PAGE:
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There are many species of bats in Illinois including the Northern Myotis (Myotis septentrionalis), Indiana bat (Myotis sodalist), Red bat (Lasiurus borealis), Hoary bat (Lasiurus cinereus), Silver-haired bat (Lasionycteris noctivagans), Eastern Pipistrelle (Pipistrellus subflavus), and Big Brown bat (Eptesicus fuscus). Of all the bat species in Illinois, the Little Brown bat (Myotis lucifugus) account for the majority of conflicts with humans and will be the focus of the discussion below.
Description: A little brown bat’s body is about 3 – 4 in (80 – 95 mm) long; about the same size as a mouse. As their name suggests, they range in color from light golden brown to a darker olive brown. The bats belly will tend to be lighter than its back. Their wings are leathery and often darker in color than the rest of its body and can have a span of 9 – 10 in (23 – 27 cm). Its ears and nose are generally black and pronounced.
Weight: Adult bats weigh between 0.2 and 0.4 oz (6 – 12 g) and newborn bats weigh about 0.1 oz (2.3 g) at birth.
Breeding: Mating takes place in late summer, but the females store the sperm over the winter. Once the female emerges from hibernation, gestation begins and a single pup is born 60 days later. Females group together and form large maternity colonies to give birth. Up to 300 bats can be part of one maternity colony in a structure. Females will return to the same maternity colony site each year if it is available. Bats are surprising long lived animals, some little brown bats have lived more than 30 years in captivity.
Young: Little brown bats are born hairless, blind and with their ears folded over their head. They grow quickly and are ready to fly and hunt on their own in 3 – 4 weeks after birth. Nursing mother bats will have to consume more insects each night in order to produce enough milk for its growing pup. An 8 gram nursing female will consume 10 grams of insects each night.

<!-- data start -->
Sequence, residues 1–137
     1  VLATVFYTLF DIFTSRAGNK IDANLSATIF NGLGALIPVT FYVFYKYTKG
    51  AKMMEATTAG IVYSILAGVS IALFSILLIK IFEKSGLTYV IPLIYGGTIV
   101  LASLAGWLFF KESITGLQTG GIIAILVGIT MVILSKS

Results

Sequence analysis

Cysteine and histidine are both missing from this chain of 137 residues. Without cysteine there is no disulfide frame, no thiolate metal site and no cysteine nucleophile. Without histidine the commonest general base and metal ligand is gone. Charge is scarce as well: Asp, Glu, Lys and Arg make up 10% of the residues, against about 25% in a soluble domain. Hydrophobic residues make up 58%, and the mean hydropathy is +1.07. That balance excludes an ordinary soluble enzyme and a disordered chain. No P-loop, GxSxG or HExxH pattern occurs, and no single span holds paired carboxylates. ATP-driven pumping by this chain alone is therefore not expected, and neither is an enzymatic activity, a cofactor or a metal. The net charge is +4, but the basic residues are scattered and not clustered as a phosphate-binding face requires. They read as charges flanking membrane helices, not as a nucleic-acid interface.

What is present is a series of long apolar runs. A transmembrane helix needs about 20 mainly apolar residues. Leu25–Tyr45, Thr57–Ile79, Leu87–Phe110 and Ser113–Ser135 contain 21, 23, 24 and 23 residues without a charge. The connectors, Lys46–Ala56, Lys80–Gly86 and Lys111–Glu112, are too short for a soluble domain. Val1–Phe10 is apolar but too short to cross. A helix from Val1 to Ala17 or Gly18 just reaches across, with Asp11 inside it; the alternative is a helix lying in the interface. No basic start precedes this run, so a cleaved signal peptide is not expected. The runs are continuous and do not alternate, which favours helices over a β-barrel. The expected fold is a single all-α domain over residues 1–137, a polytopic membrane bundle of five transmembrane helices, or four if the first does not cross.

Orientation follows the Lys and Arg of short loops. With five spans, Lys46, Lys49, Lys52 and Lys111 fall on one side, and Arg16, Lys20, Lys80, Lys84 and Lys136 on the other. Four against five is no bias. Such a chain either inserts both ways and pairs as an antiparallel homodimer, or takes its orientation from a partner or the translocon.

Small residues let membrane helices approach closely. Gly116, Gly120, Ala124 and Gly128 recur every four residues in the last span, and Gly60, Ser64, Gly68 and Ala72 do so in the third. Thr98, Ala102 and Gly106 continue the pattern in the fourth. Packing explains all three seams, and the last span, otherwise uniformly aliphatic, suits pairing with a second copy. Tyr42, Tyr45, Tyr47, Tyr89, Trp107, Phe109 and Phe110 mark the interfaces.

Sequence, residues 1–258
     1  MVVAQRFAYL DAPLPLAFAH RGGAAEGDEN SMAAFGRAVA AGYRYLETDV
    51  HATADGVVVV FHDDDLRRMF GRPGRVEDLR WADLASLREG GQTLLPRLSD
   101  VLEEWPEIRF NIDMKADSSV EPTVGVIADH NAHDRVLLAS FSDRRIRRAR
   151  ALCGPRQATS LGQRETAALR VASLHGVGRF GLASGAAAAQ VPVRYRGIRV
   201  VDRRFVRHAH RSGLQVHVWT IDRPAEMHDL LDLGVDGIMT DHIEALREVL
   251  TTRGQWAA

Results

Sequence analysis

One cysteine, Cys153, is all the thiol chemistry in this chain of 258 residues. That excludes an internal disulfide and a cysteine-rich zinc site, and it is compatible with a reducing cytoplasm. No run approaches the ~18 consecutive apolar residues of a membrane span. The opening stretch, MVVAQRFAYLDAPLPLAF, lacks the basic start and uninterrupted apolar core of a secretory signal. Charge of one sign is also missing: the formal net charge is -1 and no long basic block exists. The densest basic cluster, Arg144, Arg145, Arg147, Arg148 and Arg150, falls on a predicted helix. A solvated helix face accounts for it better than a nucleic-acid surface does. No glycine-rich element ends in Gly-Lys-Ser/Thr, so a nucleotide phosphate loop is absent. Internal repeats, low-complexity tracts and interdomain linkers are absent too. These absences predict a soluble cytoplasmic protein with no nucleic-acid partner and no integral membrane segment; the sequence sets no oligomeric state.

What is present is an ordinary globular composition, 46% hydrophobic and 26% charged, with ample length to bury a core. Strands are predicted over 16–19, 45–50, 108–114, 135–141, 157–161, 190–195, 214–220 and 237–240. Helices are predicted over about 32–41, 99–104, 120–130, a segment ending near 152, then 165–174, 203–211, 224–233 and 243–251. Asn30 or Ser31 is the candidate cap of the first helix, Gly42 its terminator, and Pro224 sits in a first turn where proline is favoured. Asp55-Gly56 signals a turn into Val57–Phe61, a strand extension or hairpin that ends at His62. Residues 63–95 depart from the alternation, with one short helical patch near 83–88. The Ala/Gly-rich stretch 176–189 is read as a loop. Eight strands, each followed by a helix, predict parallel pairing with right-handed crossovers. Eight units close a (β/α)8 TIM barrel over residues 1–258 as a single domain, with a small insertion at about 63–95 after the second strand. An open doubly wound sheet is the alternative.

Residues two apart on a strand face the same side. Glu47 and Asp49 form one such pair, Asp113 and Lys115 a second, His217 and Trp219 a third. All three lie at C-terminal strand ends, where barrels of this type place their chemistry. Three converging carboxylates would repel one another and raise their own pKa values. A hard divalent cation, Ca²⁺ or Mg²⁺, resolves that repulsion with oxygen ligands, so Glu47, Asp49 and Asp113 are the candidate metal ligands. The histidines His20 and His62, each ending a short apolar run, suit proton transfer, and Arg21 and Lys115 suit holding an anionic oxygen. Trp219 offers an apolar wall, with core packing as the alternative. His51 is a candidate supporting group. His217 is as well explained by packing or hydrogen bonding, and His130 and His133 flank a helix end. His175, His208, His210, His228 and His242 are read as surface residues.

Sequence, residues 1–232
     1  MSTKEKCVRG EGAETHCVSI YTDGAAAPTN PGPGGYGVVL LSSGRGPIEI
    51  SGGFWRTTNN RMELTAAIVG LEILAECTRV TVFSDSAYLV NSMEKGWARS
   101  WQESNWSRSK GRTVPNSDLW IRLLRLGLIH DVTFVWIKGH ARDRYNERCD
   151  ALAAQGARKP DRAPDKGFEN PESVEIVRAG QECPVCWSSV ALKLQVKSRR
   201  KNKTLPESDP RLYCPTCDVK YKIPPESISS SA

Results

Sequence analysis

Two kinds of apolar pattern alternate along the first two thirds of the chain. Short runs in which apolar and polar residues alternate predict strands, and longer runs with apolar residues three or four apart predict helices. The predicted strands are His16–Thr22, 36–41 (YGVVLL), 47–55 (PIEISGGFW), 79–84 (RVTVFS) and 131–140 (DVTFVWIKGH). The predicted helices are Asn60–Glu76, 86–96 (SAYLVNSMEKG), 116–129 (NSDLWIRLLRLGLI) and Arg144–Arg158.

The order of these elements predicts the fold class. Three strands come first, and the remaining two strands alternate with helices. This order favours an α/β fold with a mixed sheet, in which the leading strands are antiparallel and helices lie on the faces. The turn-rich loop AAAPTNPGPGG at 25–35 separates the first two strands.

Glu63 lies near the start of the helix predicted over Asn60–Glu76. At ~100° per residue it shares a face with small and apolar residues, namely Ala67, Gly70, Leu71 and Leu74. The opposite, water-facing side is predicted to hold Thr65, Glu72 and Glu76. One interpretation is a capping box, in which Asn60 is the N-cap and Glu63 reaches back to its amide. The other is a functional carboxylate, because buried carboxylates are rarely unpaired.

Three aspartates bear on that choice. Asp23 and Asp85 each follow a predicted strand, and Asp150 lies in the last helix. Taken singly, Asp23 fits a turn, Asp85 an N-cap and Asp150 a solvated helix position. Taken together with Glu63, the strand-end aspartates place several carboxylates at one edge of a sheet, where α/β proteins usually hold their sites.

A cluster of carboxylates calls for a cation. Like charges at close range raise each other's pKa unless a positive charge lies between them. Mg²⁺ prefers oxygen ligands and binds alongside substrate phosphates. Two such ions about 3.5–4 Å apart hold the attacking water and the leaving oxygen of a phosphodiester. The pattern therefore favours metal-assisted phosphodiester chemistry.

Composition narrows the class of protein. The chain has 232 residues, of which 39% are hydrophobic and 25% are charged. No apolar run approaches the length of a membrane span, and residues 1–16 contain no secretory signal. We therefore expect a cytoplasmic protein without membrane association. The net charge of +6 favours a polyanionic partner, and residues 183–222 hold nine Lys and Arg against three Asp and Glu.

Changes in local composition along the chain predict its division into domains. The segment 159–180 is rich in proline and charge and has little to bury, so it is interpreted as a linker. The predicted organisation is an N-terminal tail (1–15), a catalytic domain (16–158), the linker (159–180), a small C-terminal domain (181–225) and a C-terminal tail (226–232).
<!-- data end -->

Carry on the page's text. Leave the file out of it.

Special Considerations: Bats, like all mammals, can contract rabies from other animals and are capable of transmitting the disease to other mammals or humans. Piles of their droppings can contain histoplasmosis spores. This can pose a health hazard to people when the droppings dry and the dust becomes air born.
Little brown bats are insectivorous, one bat can consume thousands of mosquito sized insects each night. Like most bats, they are nocturnal. The little brown bat is commonly seen outside flying over water during the 2nd and 3rd hours after sundown. Bats are commonly seen flying around pools or close to outdoor lights because both situations attract the bats prey. Seeing bats flying outside your home is not uncommon and is not necessarily an indication that they are living in structures on your property.
They have the ability to use echolocation to find their food. Bats will emit high frequency clicks and chips. The sound waves will bounce off of its prey and back to the bats ears. The bats use echolocation like sonar to zero in on their prey while on the wing. The bat prefers feeding over water where its insect prey density is the highest. They roast during the day under loose bark of trees, in caves, abandoned buildings, and attics.
Little brown bats migrate to southern Illinois in the fall to hibernate in caves or abandoned wells. They begin migrating to their winter roosts when the frost begins to kill off its insect prey. While hibernating, the bats loose much of the weight that they built up the previous year. They emerge from hibernation in the spring once the insects emerge, usually in April. During the warmer parts of the year, males are solitary and females will form maternity colonies.
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